Really thinking about small details helps categorise property, too. As a motorcyclist, I am keen on side access to a property and somewhere to store my motorbike. If you do reduce the number of properties to a tiny proportion because of certain demands, remember that you will have to accept this and you can’t be too fussy about the few you see. You can’t then tell an agent or house finder that you don’t like the windows if they went to great lengths to get you everything else on your list.

Wearing my house-finding hat, I find that some buyers are property focused – ‘my home needs to be like this’ – so I will find what they want and then tell them where it is. Others are area focused – ‘it has to be in Hampshire’ – so I will show them what they can afford in that county. It is overly ambitious to say, ‘I want this and it must be in this place.’

It’s unlikely a first-time buyer will get both what they want and in the exact place they fancy. Meeting compromises will be part of the game for most – for example, ‘if you venture a bit further out, then I can guarantee you a seat on the train when you commute to work.’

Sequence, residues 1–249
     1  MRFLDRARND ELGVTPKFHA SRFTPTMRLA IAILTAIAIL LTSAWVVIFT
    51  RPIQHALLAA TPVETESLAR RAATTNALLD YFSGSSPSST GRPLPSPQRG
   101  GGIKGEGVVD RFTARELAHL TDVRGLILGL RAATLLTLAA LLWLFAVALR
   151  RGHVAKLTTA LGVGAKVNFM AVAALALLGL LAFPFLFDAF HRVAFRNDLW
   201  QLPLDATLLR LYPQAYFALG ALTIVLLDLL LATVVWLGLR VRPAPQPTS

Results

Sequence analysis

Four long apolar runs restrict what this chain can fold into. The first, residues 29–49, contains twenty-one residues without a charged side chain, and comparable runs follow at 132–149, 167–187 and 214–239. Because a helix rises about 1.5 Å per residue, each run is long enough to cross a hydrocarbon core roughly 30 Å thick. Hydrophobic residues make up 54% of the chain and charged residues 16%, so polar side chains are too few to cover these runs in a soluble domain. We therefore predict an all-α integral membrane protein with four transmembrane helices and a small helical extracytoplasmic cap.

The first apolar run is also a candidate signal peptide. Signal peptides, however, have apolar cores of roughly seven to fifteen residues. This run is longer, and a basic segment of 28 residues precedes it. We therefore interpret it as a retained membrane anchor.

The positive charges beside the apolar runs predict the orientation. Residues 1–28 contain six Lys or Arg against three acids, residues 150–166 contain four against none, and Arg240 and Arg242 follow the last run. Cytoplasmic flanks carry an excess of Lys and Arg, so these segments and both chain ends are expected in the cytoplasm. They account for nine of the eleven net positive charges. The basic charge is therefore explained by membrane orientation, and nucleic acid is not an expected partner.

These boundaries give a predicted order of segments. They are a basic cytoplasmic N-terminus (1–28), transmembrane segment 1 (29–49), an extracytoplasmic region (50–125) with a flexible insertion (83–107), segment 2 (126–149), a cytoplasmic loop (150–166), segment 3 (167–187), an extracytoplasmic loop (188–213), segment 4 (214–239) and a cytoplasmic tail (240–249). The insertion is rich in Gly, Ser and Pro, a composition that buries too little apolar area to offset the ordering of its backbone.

First Time Buyer Wants Vs Needs Checklist

1. Work out your ‘home triangle’: budget, space and location

2. Kick off by looking at a few properties to get an idea of what’s out there

3. Draw up ‘would like’ and ‘need’ lists

4. Amend the lists as house-hunting proceeds

5. Work out how you might need to compromise (if buying with a partner, family member or friend, both of you should write down what you want)

6. Narrow your search to one area

If you can’t find anything within your budget in this area, extend your search further